Gelastic crisis: causes, symptoms, diagnosis, treatment

Seizures are periods of abnormal electrical activity in your brain that can cause changes in your:

  • consciousness
  • behviour
  • feeling
  • Memory
  • physical movements

The most common cause of seizures is epilepsy, which affects approximately 3 million adults and 470,000 children in the United States. Epilepsy is characterized by recurring seizures not caused by an underlying medical condition, such as high fever or low blood sodium.

Gelastic seizures are a type of seizure nicknamed “laughing fits” because they are characterized by uncontrolled laughter or laughter. Read on to learn more about this rare type of seizure.

A gelastic seizure is a rare focal seizure that causes uncontrolled laughter or laughter even when there is no joy or happiness. A focal seizure is a seizure that begins in one part of your brain, as opposed to generalized seizures that develop throughout your brain.

On a third gelastic crises are associated with hypothalamic hamartoma, a non-cancerous tumor near your hypothalamus. Your hypothalamus is a part of your brain that has many essential functions like controlling hormones and temperature.

Another third are associated with lesions of the frontal or parietal lobes. Rarely, they can be caused by damage to other areas, including the occipital lobe.

Gelastic crises take their name from the Greek word “gelos”, for laughs.

Although gelastic seizures are not life-threatening, they often do not respond well to medication. They are associated with other health problems that can impact your or your child’s quality of life.

About 60 to 65 percent of people with these seizures have cognitive problems. They are also strongly associated with behavior problems such as mood disorders, anxiety or aggression.

About half of children who experience gelastic seizures go through precocious puberty due to excessive secretion of gonadotropin-releasing hormone and luteinizing hormone. Untreated precocious puberty often leads to short stature and emotional issues such as self-image issues, as well as other conditions.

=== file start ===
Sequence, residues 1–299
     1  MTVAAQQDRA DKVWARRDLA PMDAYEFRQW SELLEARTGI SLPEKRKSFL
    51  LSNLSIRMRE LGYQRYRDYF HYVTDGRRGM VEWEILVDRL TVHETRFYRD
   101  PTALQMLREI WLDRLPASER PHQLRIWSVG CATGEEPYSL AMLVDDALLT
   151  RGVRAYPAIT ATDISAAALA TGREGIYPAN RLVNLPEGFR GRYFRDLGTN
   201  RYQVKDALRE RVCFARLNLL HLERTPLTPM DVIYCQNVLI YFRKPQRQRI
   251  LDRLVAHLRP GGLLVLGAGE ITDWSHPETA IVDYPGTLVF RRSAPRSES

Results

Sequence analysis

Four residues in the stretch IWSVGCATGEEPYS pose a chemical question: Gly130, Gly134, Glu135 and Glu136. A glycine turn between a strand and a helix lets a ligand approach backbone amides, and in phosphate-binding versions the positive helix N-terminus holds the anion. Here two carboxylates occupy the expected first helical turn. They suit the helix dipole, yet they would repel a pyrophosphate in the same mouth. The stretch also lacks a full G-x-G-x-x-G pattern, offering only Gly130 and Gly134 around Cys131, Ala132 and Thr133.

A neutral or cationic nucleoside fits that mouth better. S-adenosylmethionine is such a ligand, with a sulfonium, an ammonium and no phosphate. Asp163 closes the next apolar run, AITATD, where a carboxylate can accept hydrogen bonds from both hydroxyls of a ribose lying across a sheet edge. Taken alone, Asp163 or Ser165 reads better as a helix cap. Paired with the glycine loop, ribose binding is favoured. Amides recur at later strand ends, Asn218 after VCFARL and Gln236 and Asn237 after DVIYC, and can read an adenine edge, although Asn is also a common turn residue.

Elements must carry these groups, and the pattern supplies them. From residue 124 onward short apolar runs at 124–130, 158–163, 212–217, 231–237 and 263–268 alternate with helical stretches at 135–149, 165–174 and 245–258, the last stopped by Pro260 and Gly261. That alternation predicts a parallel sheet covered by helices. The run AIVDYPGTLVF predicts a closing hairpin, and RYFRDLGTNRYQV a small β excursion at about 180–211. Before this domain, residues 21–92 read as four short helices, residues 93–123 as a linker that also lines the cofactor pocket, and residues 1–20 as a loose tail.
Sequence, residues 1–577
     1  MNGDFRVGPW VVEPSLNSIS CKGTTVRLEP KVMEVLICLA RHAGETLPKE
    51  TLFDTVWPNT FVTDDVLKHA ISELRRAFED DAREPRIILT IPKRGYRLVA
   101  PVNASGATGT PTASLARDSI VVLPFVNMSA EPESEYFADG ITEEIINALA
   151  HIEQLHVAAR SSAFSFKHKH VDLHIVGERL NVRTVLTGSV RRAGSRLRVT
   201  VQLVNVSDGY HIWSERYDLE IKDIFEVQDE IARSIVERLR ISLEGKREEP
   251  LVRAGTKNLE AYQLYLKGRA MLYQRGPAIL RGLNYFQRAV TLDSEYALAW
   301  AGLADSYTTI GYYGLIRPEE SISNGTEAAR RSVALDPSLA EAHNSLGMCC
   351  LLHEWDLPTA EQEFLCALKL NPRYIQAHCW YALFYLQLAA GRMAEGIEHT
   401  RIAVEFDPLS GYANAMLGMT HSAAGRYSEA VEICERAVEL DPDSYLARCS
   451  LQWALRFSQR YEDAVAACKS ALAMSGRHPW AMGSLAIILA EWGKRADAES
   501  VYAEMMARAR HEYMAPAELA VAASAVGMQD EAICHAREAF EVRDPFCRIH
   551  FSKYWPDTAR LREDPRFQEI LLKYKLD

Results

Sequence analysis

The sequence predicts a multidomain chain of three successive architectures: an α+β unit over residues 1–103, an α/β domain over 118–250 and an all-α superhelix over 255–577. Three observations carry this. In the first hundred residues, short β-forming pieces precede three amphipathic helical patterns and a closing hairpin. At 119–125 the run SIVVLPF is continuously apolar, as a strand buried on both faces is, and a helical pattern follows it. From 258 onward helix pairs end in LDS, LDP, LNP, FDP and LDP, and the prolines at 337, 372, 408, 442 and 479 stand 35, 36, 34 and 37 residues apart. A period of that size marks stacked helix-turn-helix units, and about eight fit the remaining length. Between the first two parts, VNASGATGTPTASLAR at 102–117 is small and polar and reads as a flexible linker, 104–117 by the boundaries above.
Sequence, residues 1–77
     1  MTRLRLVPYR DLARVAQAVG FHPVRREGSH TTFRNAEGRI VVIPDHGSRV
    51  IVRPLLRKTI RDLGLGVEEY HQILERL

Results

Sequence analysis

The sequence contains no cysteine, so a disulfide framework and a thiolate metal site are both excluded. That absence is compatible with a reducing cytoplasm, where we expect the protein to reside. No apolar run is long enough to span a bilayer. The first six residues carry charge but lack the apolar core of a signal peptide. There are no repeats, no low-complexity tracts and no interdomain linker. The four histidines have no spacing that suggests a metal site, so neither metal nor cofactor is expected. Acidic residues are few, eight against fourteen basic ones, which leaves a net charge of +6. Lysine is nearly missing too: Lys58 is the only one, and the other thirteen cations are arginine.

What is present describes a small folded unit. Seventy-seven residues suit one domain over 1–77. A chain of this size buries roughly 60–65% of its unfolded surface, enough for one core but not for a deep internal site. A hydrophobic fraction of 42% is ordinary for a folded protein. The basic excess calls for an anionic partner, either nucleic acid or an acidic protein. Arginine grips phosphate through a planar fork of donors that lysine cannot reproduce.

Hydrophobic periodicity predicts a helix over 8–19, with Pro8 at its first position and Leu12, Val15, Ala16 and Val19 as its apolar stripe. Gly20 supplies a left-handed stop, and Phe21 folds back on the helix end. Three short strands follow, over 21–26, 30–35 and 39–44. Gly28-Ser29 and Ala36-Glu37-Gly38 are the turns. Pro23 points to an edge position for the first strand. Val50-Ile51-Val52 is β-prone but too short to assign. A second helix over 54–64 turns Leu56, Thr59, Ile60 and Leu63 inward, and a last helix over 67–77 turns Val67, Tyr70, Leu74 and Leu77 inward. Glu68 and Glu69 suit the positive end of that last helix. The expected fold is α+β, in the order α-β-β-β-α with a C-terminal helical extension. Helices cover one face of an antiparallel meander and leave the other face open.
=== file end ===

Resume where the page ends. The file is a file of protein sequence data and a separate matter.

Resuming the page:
Most people who experience gelastic seizures experience other types of seizures.

Gelastic crises are rare and probably to diagnose in children. Little is known about their frequency, especially in adults, but they tend to develop in early childhood.

Gelastic crises are often associated with hypothalamic hamartoma, which affects approximately 1 in 50,000 to 1 in 100,000 children and adolescents. Hypothalamic hamartomas are tumors present at birth. Thus, gelastic crises associated with hypothalamic hamartoma begin in early childhood.

When occurring due to damage in other areas of the brain, gelastic seizures can begin later in childhood or adulthood.

According to research that grouped people according to their assigned sex at birth, men are thought to develop hypothalamic hamartoma about 30% more often than women.

As far as researchers currently know, people of all ethnicities are at the same risk.

The main symptom of gelastic seizures is uncontrolled laughter that usually lasts 2 to 30 seconds. These bursts of laughter often have a high frequency and can occur dozens of times a day.

When a person having a gelastic crisis laughs, it often seems forced and unnatural. Laughter often occurs in the absence of joy or happiness and can occur in social situations where laughter may not be appropriate.

Other symptoms that may accompany laughter include: